Kamarina beach

The beach of Kamarina extends along the southeastern coast of Sicily in the area of Santa Croce Camarina, about 30 km from Ragusa. It consists of a wide beach of golden and fine sand with shallow waters that slope gently towards the open sea. At the end of the beach, there are stretches of bathing rocks. The beach is 1 km long from Scoglitti to Punta Braccetto.
This beach, which is ideal especially for families with children, is free and equipped with a beach club, which rents umbrellas and deckchairs, a bar and a restaurant. There are also free parking spaces. The area could be very crowded in July and August, especially in the weekend.


Type: golden sand
Area: southeastern Sicily
Municipality: Ragusa (RG)
Length: 1 km
Recommended for: everybody and families with children
Esposure: west-southwest
Services: bar, restaurant, beach equipment rental, parking space
Access: free and equipped
Parking free
How to reach the beach: from Santa Croce Camerina (RG) proceed for about 10 km following the signs to Kamarina along the road SP 102
GPS: Lat: 36.880593, Lon: 14.438440

The archaeological site of Kamarina

The archaeological site of Kamarina, one of the most important in Sicily, is a precious heritage of land and underwater archeology. Kamarina, whose name would mean “Settled after a great effort” according to Stabone, was an important colony of Syracuse, built on the Ippari river’s mouth in the province of Ragusa. Nowadays only some ruins and important archaeological finds remain, mainly located on the Cammarana hill located in the municipality of Ragusa.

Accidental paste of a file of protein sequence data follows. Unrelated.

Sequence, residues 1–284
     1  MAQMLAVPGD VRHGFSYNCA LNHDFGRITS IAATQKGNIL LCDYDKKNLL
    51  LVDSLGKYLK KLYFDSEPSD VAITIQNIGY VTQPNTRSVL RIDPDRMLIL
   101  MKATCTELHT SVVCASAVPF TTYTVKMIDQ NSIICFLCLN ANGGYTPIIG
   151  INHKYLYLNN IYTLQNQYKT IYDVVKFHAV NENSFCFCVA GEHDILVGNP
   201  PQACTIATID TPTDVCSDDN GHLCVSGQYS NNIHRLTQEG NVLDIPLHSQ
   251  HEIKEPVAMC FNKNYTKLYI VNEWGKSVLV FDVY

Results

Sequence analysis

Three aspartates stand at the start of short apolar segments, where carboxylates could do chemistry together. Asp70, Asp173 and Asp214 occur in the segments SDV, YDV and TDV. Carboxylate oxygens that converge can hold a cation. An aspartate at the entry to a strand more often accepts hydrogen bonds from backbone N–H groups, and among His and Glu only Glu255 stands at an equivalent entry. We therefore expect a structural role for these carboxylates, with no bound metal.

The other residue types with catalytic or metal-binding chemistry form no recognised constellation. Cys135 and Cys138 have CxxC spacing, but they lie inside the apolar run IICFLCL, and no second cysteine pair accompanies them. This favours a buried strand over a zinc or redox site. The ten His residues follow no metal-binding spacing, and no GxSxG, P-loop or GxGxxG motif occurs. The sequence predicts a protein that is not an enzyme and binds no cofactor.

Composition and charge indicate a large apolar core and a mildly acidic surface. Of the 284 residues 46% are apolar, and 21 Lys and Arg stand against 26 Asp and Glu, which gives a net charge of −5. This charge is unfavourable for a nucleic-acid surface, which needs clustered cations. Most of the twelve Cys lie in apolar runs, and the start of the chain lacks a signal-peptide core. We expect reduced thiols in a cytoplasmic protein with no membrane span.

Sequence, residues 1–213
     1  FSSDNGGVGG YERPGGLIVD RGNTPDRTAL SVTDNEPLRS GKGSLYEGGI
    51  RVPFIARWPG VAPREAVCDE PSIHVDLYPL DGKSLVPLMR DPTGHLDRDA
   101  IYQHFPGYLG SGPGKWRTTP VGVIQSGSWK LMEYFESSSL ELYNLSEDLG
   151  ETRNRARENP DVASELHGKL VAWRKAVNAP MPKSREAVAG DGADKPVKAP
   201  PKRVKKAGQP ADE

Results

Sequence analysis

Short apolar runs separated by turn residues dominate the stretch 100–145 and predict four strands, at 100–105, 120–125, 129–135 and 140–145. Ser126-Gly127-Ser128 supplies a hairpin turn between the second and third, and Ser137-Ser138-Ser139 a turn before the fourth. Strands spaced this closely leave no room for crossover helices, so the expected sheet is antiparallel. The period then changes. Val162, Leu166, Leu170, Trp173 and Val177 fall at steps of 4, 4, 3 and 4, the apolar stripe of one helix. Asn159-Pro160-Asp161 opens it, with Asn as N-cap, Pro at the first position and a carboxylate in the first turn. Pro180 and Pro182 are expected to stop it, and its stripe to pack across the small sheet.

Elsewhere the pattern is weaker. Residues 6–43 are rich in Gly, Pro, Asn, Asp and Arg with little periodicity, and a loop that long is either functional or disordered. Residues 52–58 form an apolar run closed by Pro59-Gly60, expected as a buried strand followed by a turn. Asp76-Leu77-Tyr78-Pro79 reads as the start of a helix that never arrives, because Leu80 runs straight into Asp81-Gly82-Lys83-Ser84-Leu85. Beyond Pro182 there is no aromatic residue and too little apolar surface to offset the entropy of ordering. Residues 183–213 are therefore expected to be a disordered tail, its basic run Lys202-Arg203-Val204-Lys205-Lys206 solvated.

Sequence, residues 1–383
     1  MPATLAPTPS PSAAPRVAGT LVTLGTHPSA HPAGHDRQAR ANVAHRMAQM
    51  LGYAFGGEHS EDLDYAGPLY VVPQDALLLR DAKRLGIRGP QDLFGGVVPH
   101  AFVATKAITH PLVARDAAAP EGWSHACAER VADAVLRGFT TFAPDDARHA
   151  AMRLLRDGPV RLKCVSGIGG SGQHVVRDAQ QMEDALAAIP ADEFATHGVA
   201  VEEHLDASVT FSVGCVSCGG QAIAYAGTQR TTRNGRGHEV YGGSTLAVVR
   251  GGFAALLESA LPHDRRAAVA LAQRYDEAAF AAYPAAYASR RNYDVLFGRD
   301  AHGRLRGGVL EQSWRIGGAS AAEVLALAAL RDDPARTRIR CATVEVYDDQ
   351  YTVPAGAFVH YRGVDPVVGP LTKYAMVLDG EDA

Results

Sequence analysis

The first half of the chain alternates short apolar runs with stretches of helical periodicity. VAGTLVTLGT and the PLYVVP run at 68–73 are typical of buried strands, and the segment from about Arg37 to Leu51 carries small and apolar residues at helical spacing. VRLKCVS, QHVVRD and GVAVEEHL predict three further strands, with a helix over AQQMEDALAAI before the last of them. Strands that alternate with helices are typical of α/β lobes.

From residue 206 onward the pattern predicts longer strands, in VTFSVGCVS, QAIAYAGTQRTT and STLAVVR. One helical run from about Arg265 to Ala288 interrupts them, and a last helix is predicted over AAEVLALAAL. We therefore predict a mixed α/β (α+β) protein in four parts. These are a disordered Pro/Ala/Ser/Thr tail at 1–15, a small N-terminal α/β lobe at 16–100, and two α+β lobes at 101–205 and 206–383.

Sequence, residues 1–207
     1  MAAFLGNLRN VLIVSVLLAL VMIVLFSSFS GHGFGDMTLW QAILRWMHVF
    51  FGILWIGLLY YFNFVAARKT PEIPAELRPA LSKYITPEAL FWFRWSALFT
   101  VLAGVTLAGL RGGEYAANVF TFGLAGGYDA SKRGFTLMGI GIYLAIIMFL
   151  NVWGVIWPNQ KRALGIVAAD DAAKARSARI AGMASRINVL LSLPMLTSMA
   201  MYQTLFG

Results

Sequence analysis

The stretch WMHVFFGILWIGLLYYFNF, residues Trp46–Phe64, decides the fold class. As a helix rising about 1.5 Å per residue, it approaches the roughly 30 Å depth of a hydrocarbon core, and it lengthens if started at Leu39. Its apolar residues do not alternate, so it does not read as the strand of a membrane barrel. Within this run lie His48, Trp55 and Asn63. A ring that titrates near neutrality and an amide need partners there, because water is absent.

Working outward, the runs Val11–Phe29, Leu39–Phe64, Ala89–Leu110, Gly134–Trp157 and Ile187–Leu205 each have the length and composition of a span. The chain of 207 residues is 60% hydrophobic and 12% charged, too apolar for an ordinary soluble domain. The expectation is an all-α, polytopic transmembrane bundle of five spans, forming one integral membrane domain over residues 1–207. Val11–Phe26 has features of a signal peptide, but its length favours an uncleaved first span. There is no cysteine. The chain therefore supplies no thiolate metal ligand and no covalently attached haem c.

Founded at the beginning of the 6th Century B.C. by people from Syracuse with the aim of holding back the south expansion of Gela, Kamarina quickly became an important rural centre and landmark for the thriving trade exchanges in the actual area of Ragusa. Destroyed after a conflict against the town of Syracuse, it was built again by Gela between 492 B.C. and 461 A.C., retrieving its magnificence thanks to a strong alliance with Athens against Syracuse during the Peloponnesian war. In 403-401 B.C., Kamarina was destroyed again by Hannibal’s army. After the Punic dominion, a new period of prosperity came at the end of 4th Century B.C., hitting the maximum level of its urban expansion under Timoleonte (339 B.C.). After the Roman conquest in 258 B.C., Kamatina was destroyed by the Arabs in 827.
Situated on a hill, the acropolis shows nowadays the ruins of Athena’s temple. The best-retained ruins of the boundary walls are located under the hill of Heracles. The discovered finds are kept in the Archaeological Museums of Kamarina, Ragusa and Syracuse. The Regional Museum of Kamarina, a rural building of the late 19th Century, offers a private section showing underwater archaeological finds, illustrates the political, economic and civil history of Kamarina and exhibits several objects of worship, as well as hosting temporary exhibitions.